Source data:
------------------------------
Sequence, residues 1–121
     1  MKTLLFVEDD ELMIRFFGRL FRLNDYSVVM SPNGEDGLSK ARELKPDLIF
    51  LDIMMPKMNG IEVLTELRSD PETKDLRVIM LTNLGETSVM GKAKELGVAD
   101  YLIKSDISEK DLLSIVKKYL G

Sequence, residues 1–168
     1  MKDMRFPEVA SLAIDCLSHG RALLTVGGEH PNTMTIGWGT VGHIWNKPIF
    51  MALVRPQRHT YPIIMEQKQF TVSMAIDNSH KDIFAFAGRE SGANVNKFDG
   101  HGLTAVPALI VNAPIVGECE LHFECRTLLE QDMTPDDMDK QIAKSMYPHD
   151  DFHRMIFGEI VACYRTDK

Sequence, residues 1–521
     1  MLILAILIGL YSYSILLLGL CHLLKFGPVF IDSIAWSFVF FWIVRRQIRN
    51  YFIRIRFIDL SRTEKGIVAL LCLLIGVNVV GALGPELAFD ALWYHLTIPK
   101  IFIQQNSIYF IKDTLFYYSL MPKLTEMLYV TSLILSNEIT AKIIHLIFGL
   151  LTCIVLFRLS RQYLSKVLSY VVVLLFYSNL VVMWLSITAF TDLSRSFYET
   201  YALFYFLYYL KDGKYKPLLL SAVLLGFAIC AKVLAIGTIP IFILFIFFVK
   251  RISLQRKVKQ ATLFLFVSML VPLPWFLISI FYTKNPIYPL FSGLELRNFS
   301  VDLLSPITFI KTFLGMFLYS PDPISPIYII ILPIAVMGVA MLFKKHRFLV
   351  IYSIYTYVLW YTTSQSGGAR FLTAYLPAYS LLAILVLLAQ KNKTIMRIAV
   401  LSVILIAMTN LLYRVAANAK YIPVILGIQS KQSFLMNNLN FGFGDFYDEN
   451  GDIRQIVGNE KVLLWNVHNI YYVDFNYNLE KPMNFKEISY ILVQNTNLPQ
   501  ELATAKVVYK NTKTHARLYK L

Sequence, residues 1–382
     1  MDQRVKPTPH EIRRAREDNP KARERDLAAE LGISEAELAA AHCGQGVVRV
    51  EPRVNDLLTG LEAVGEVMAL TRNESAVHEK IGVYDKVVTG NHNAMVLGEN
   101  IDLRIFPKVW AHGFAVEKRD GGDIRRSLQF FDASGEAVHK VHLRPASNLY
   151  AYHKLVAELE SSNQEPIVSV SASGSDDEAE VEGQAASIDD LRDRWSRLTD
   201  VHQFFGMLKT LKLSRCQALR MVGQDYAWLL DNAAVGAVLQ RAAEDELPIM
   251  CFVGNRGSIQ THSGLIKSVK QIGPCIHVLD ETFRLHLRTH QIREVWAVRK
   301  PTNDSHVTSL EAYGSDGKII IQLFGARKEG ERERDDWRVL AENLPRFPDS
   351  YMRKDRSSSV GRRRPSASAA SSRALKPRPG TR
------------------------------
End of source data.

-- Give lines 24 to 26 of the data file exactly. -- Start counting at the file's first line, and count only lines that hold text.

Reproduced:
    51  EPRVNDLLTG LEAVGEVMAL TRNESAVHEK IGVYDKVVTG NHNAMVLGEN
   101  IDLRIFPKVW AHGFAVEKRD GGDIRRSLQF FDASGEAVHK VHLRPASNLY
   151  AYHKLVAELE SSNQEPIVSV SASGSDDEAE VEGQAASIDD LRDRWSRLTD